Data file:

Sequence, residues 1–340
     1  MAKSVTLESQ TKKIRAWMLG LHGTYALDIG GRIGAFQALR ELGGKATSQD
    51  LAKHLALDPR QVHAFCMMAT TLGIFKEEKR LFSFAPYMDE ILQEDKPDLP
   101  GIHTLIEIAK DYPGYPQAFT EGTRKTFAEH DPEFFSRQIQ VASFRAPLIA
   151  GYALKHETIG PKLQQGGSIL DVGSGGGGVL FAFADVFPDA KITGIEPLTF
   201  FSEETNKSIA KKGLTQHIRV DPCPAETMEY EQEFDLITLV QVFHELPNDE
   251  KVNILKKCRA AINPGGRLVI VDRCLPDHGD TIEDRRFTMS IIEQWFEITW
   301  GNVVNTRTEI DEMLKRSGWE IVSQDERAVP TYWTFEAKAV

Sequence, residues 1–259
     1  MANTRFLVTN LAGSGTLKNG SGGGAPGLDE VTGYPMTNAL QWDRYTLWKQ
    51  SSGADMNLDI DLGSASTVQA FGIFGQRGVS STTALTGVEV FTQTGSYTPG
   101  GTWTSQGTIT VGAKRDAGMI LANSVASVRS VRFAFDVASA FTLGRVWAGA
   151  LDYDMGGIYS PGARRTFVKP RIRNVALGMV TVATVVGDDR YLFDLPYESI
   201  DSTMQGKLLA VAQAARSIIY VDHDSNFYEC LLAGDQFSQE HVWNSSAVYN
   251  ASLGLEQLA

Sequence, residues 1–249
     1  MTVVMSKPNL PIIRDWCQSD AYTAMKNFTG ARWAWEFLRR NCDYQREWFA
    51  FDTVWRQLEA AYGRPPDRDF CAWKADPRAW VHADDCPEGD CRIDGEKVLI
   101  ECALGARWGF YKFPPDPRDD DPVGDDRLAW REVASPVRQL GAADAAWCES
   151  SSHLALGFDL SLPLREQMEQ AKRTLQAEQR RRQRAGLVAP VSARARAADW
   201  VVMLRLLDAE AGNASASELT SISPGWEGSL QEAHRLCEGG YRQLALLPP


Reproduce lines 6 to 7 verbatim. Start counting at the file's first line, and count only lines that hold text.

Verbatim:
   201  FSEETNKSIA KKGLTQHIRV DPCPAETMEY EQEFDLITLV QVFHELPNDE
   251  KVNILKKCRA AINPGGRLVI VDRCLPDHGD TIEDRRFTMS IIEQWFEITW